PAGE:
About the Author

Luke Tilley

Senior Vice President, Chief Economist

Luke is Chief Economist and Head of Asset Allocation and Quantitative Services for Wilmington Trust Investment Advisors (WTIA), a part of the M&T Bank family. Luke is also a member of WTIA’s Investment Committee.

Prior to joining Wilmington Trust in 2015, Luke was an officer and economic advisor with the Federal Reserve Bank of Philadelphia. Earlier in his career, Luke worked as a senior economist at IHS Global Insight (now IHS Markit) and as an economist for the U.S. Department of Housing and Urban Development.

Luke holds a Ph.D. in economics from Temple University and a bachelor’s degree in economics and history from James Madison University. He is a former adjunct faculty member at Temple University and formerly served on the board of directors of the Pennsylvania Economic Association. In addition, Luke is former president of the Philadelphia Council for Business Economics, a chapter of the National Association for Business Economics.


By the Author

Updated Outlook for the U.S. Economy

Luke Tilley |
Wilmington Wire
Blue double exposure of money coins stacking with bar graph for financial and investment business concept.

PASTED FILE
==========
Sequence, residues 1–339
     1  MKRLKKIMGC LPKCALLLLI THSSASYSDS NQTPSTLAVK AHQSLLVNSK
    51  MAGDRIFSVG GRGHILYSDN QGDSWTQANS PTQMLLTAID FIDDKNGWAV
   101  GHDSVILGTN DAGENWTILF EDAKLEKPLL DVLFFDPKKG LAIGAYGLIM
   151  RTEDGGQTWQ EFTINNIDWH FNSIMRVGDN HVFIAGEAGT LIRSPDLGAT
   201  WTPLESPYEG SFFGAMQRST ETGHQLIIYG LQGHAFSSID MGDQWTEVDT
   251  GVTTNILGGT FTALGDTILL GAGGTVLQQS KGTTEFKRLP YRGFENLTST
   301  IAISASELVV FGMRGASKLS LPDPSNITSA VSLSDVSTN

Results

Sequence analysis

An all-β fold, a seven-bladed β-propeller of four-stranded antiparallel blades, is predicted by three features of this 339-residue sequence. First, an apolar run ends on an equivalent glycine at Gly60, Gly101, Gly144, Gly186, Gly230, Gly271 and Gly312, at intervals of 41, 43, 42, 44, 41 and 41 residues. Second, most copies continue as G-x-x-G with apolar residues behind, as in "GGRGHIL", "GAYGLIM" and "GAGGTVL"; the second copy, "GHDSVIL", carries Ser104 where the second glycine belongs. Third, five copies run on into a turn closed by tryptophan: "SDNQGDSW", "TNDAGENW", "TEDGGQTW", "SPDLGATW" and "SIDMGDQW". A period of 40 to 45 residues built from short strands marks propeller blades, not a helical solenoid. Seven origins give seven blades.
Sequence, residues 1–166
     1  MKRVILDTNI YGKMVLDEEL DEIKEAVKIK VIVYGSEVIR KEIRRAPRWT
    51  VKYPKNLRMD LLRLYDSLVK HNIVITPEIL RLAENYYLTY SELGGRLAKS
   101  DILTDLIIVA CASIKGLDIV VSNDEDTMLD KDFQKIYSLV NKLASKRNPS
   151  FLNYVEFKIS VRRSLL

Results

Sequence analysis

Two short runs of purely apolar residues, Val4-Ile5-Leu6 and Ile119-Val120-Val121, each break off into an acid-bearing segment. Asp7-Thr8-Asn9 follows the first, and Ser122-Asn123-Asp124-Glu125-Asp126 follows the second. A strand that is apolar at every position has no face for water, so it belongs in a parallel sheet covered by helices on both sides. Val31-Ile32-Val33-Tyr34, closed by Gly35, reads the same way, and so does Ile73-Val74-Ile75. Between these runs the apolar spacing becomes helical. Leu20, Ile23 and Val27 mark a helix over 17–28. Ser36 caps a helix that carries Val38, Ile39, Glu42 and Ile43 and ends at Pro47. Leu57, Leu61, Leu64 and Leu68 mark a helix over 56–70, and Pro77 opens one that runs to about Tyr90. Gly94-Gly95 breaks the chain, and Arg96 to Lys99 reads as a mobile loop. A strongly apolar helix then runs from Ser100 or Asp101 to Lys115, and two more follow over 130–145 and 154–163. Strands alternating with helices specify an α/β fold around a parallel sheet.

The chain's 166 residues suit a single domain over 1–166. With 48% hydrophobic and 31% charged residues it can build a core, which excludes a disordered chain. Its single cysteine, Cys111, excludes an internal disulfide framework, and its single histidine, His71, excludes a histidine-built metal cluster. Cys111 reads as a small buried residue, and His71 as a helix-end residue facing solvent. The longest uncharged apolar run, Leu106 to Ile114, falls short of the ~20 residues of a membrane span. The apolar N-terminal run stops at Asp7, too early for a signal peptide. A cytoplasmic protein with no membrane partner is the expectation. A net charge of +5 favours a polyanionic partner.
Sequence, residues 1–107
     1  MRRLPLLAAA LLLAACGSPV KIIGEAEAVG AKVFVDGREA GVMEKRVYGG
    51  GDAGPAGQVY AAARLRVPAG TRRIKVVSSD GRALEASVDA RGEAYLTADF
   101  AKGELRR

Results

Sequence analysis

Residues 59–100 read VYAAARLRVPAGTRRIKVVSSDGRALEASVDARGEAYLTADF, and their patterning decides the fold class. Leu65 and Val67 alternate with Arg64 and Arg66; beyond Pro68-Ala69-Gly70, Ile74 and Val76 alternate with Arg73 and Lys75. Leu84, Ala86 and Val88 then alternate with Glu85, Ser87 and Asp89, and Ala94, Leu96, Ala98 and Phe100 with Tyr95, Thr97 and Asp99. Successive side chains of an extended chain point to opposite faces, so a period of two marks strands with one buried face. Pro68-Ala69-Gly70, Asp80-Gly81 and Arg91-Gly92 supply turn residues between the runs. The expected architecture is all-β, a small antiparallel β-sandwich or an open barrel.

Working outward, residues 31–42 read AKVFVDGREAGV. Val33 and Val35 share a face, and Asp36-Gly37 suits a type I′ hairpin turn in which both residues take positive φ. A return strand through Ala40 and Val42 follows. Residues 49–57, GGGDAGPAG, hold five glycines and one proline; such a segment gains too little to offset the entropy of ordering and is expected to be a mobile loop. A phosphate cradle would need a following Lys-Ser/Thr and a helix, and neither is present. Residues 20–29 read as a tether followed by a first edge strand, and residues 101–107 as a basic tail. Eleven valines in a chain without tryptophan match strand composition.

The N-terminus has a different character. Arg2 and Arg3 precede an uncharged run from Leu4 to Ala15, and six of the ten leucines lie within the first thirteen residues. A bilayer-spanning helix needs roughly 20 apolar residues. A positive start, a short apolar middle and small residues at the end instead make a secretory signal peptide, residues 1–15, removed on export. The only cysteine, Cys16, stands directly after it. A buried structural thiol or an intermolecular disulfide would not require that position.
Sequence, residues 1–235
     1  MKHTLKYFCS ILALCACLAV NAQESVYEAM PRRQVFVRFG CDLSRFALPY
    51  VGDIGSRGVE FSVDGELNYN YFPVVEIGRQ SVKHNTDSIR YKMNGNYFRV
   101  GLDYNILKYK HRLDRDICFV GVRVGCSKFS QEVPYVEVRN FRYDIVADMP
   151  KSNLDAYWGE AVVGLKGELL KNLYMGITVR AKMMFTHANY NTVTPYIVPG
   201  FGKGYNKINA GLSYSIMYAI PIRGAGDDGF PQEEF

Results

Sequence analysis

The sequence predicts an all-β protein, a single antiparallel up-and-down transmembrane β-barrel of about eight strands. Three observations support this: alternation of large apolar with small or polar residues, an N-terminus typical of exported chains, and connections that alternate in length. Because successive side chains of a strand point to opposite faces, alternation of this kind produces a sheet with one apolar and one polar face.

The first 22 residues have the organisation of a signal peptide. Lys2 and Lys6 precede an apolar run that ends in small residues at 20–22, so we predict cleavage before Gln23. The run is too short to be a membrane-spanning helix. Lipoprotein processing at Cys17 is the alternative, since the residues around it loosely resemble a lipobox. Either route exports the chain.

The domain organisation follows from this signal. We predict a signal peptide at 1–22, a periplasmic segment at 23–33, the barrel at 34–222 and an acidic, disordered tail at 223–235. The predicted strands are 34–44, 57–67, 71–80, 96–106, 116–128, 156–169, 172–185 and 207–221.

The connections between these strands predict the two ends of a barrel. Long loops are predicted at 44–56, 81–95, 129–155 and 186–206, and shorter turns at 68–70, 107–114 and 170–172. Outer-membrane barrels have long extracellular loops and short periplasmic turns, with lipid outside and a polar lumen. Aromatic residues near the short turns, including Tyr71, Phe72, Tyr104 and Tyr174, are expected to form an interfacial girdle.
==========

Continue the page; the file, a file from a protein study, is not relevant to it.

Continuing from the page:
September 20, 2021—Recent economic data have been on the weaker side and is likely playing a part in the mini-swoon we’ve seen in markets, with the S&P 500 index down about 2% from a recent all-time high in early September. The softening in data is in large part due to the spread of the Delta variant in July and August. We are reducing our outlook for the U.S. economy for the remainder of 2021 but still expect solid growth in 2022.

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Strong Labor Market Could Bring Fed Hikes Earlier

Luke Tilley and Rhea Thomas |
Wilmington Wire
Panoramic image of the Federal Reserve Building in downtown Washington DC, USA.

August 9, 2021—Last week’s jobs report was strong for the second month in a row and immediately prompted questions about how it may affect the Federal Reserve’s dovish posture. With 1.9 million combined jobs added in June and July, gross domestic product (GDP) surpassing the pre-pandemic peak in 2Q 2021, and inflation at the highest in decades, it’s natural to think the Fed would normalize policy soon.

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